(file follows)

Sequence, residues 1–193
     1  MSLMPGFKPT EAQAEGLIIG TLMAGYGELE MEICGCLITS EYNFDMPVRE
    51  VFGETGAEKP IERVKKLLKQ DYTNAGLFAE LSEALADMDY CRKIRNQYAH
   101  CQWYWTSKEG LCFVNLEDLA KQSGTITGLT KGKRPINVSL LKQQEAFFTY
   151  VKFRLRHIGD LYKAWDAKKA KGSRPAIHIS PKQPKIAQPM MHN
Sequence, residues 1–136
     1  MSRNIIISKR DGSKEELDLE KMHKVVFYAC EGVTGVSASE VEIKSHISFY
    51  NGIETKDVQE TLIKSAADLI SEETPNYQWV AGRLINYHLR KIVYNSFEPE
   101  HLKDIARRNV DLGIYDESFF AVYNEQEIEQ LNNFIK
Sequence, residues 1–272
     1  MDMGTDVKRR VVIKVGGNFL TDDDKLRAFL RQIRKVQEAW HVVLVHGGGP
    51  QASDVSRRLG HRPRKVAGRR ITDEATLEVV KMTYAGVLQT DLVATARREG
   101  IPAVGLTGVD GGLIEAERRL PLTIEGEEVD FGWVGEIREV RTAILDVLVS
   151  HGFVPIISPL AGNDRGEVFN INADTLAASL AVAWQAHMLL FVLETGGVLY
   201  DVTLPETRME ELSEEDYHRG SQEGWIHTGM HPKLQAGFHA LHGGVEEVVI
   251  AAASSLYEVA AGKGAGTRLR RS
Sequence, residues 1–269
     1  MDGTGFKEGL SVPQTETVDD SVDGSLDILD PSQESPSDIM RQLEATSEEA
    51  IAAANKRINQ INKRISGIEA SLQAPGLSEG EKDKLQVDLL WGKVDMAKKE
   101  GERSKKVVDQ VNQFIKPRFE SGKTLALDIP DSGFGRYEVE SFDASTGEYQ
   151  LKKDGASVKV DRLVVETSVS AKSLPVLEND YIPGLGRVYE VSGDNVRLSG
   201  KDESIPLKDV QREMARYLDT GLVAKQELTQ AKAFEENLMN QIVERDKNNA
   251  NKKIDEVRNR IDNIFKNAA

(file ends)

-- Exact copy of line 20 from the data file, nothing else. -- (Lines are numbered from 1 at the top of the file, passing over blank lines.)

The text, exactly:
   101  GERSKKVVDQ VNQFIKPRFE SGKTLALDIP DSGFGRYEVE SFDASTGEYQ